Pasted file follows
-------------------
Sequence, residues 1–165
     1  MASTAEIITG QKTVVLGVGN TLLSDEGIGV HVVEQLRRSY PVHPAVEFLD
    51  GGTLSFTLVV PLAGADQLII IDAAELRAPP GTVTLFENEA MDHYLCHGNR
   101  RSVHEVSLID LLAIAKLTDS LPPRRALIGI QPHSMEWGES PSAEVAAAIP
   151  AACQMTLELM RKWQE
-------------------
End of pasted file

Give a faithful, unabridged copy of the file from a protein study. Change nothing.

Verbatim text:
Sequence, residues 1–165
     1  MASTAEIITG QKTVVLGVGN TLLSDEGIGV HVVEQLRRSY PVHPAVEFLD
    51  GGTLSFTLVV PLAGADQLII IDAAELRAPP GTVTLFENEA MDHYLCHGNR
   101  RSVHEVSLID LLAIAKLTDS LPPRRALIGI QPHSMEWGES PSAEVAAAIP
   151  AACQMTLELM RKWQE